Legends like Rush, Fowler, Hunt, Liddell… but now there's no Liverpool No 9
12:22 GMT, 7 September 2012
Amid the conjecture about failed bids, missed opportunities, broken promises and letters from America, a startling fact has, perhaps, gone unnoticed this week.
After a summer when 'false nines' were a regular topic of conversation, Liverpool find themselves contemplating a campaign that, unless decisive action is taken in January, could play out without their No 9 scoring a single goal.
Andy Carroll's controversial departure to West Ham before the transfer window closed, coupled with Clint Dempsey’s failure to arrive from Fulham, has not only left Liverpool a striker short, it means one of the club’s most iconic jerseys remains vacant.
Missing something Brendan Rodgers has endured a tricky start to life as manager of Liverpool
It is an unprecedented situation. Yet, effectively, the shirt that has been worn by Liverpool’s greatest goalscorers, men like Billy Liddell and 'Sir' Roger Hunt, Ian Rush, Robbie Fowler, and more recently Fernando Torres has, been temporarily retired.
More from Dominic King…
Mersey Beat: Has the first major shift in power since 1937 happened on Merseyside
Mersey Beat: Rodgers can talk the talk… now he must deliver results at Liverpool
Mersey Beat: Carroll would never have imagined this after strong Euro 2012
Mersey Beat: All change at Liverpool but Shankly tradition must remain
Mersey Beat: Andy Carroll from zero to hero – times have changed for Liverpool No 9
Mersey Beat: Why Aquilani's Anfield return would not be the worst outcome for Liverpool
Mersey Beat: The return of Roy Hodgson – but what reception can he expect
Mersey Beat: The knives are out, but King Kenny must be afforded more time at Liverpool
VIEW FULL ARCHIVE
At a time when critics are claiming
Liverpool are losing their identity, they could have done without losing
such a huge symbol.
That Brendan Rodgers admitted Carroll would not have been allowed to leave, had he known he could not get a replacement in made all the more unpalatable.
In the grand scheme of things, the absence of one number on the pitch might not appear such a big issue but it could easily become one; Liverpool have hardly been prolific in recent seasons and there are understandable fears on The Kop that they will be made to pay for a lack of goals.
So it begs the question: why have Liverpool been left so short Reading between the lines of the missive principal owner John W Henry published on the club’s official website earlier this week, it boils down to Fenway Sports Group not wanting to meet Fulham’s valuation of a 29-year-old.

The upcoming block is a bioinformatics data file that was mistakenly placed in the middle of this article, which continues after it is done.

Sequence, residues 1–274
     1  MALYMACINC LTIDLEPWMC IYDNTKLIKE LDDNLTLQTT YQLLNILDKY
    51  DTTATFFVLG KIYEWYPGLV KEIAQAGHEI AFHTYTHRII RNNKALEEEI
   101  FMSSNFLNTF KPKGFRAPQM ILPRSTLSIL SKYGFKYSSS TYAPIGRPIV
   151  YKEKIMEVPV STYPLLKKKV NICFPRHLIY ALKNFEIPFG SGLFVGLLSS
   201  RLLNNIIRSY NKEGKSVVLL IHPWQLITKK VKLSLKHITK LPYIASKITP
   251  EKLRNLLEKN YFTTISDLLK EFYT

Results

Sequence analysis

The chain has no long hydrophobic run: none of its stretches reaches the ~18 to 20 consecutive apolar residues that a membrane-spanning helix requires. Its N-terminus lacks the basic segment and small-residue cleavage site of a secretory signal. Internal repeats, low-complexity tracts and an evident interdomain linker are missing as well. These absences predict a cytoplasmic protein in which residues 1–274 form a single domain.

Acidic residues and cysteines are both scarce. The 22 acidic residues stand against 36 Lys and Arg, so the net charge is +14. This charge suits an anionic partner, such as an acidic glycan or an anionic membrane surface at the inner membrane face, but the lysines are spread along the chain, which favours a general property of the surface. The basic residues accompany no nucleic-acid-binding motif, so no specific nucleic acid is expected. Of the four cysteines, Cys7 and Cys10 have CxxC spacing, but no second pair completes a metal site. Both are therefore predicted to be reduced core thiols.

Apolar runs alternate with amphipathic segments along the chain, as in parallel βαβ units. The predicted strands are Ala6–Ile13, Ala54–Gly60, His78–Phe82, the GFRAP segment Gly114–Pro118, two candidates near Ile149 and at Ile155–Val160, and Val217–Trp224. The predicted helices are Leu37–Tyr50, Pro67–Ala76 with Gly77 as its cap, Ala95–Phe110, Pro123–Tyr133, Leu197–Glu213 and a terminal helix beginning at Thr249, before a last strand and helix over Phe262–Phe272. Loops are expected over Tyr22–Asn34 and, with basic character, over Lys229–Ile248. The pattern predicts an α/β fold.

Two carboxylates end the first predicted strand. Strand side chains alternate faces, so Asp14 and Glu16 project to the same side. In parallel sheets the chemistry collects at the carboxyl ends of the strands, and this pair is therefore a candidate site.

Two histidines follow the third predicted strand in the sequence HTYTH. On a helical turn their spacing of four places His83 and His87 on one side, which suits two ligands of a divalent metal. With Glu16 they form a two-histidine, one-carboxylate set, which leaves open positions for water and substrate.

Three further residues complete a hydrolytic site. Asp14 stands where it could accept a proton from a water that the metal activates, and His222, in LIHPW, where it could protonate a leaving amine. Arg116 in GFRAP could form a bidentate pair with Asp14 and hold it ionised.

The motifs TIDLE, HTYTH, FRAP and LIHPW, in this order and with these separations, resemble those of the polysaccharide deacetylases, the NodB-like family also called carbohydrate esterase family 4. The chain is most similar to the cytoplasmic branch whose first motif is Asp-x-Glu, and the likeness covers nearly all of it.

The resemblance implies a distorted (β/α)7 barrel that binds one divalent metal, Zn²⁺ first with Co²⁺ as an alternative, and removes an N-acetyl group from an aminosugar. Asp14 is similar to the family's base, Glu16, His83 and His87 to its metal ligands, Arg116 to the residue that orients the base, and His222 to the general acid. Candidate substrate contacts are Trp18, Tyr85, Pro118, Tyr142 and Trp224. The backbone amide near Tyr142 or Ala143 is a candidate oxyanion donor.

As the dust settles, the decision looks more and more bewildering for three key reasons. First had Dempsey arrived for 5million, there is every reason to believe Liverpool could have recouped what they paid if they wanted to move him on two years down the line.
Secondly, from a commercial view, Dempsey is one of the United States' star men. Photographing him in the new Warrior kit and putting his image on billboards would undoubtedly have led to an increase in Liverpool shirt sales in America, thus providing another return on their investment.
Last, and by no means least, Dempsey knows how to flourish in the Barclays Premier League. He was outstanding for Fulham last season, scoring 17 times. The less goals Liverpool score, the further they will drop down the table and, at 750,000 a place, it could ultimately cost them significant a sum.
Legendary: Likes of Ian Rush, Robbie Fowler, Billy Liddell and Roger Hunt have all donned the No 9
Some of the points Henry made in his note were valid and it is admirable he has a philosophy he wants to make work but FSG will cause themselves unnecessary problems if they don’t possess flexibility. Surely the mystery men who are advising them have said that
Not backing Rodgers last Friday has increased the suspicions of some supporters and no amount of platitudes or promises that FSG are 'in it for the long haul' will placate the discontented. They want to see their manager receive backing, not get undermined.
'If there is a player out there who can make a difference, we will do all that we possibly can to bring him to the football club,' Rodgers said back on July 9.
'What I won’t be prepared to do is waste time, money and effort to bring in a player who won’t add value to the club. I will push the boat to get the players that I want to get in. Hopefully the board will support me on that.'
Hammered: Liverpool allowed Andy Carroll to join West Ham without a replacement being sorted
Events on deadline have put a completely different hue on those words. When Rodgers need support to sign the forward he believed would have made a difference, he didn’t get it and now, farcically, Liverpool are left without a No 9.
Now it would be wrong to say Liverpool are in crisis. This current predicament, after all, is small fry compared to what was happening two years ago, when the Hicks-Gillett reign was crumbling. But what it undoubtedly means is a difficult period is on the horizon.
Only in January, when Rodgers will aim to bolster his options, will it be discovered if salutary lessons have been learned.